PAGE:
Getting from computer screen to printing screen proved to be harder than it first looked.
The Next Generation
Cheer up; there’s more to the story. The ScreenJet itself may have fizzled, but if you look at CTS systems today, they’re not fundamentally very different than they were in 1993. Inkjet models still jet droplets of ink (or wax, an innovation that came later) onto an emulsion-coated screen. Laser-based systems, which developed in parallel with inkjet models, still expose screens directly, eliminating the intermediate positive image altogether. The idea itself was always a bright one; it just needed, perhaps more than anything, some time. It’s no secret that the technology has exploded in the past five years or so.
Dan Kimmerly, operations manager at retail graphics provider KDM P.O.P., says the timing wasn’t right to adopt CTS until recently. The company plans to implement the technology by summer 2018. Drivers included end-of-life liability with their camera and imagesetting equipment, plus the availability of faster, more affordable machines.
Greg Kitson, president of Mind’s Eye Graphics, waited until 2006 to adopt CTS technology. He compares its history to that of the steam engine during the Industrial Revolution: Steam engine technology flourished as early as the 1780s, but, because of a lack of support technology – namely, iron and steel – railroads and trains weren’t practical until some 75 years later.
“The ScreenJet was a great idea,” he explains, “but the computer technology didn’t exist to really take advantage of it.”
In the decade following the launch of the ScreenJet, computers evolved rapidly – and the public began understanding them better. New providers began to take an interest in CTS, including Kiwo, which hired McCue to manage the development of the technology. (He worked at Kiwo until his retirement in 2016.) He’d bump into Kitson throughout the early 2000s and say, “Are you ready yet? Are you ready yet? Are you ready yet?”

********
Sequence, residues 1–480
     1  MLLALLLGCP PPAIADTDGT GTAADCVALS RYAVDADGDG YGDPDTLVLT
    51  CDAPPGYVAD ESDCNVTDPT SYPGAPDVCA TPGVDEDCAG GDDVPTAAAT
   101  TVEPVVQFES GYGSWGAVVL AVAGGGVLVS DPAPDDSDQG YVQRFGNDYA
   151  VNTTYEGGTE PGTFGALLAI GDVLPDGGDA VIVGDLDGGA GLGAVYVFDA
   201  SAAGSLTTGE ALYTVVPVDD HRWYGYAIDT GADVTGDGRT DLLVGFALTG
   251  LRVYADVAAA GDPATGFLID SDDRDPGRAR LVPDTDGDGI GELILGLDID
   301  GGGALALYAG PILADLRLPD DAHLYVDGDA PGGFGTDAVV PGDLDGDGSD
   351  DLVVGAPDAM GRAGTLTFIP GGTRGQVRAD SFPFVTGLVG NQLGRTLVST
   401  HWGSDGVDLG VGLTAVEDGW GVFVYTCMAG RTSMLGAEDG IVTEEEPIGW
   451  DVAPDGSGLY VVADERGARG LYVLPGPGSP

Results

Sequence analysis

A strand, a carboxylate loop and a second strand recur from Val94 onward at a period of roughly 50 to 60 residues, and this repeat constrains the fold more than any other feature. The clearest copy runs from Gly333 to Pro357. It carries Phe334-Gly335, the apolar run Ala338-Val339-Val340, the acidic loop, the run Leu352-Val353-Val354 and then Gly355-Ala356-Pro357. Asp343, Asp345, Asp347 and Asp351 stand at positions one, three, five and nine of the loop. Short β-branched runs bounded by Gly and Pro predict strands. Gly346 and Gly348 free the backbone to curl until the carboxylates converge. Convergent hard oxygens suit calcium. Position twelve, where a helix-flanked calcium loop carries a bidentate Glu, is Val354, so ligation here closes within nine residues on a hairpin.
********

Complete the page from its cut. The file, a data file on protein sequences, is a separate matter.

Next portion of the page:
Kitson jokes that he was stubborn; he was stuck on the numbers in his ROI spreadsheet. “I had tunnel vision,” he says, “in that I was trying to make the justification simply based on the film that I wouldn’t be using.” But what he found when he bought a Kiwo I-Jet, at long last, was a complete transformation of his workflow. “I was thinking I’d be saving $2 per screen in film; the reality is, I was saving 15 minutes per screen.” At 90 to 120 screens a day, that’s a lot of time – and as we all know, time is money. Would he have bought the ScreenJet if he had known? No, he says, but he adds he would’ve jumped into CTS three years sooner.
Could’ve, should’ve – what would McCue have done if he could go back and do it all again? “I probably would’ve sat on the patent for a while and waited till the market was more ready.” But the question is worth asking: Doesn’t someone have to simply be the first? Would the innovations of today have been made if not for those early failures? McCue went on to file a number of other patents, including the first direct-exposure CTS system and, most recently, a simultaneous screen registration system. This is a business where invention never quits.
Read more from Screen Printing's December 2017/January 2018 Innovation Issue.
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